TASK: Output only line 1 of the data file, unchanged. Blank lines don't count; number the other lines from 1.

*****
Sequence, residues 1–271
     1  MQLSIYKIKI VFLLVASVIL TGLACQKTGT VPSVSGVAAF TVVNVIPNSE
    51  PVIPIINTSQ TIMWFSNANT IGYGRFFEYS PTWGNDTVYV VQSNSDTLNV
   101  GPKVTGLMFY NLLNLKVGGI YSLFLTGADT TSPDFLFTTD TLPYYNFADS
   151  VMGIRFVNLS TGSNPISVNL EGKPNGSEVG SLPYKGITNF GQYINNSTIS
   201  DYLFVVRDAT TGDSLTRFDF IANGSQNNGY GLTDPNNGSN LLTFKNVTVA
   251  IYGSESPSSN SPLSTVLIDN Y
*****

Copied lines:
Sequence, residues 1–271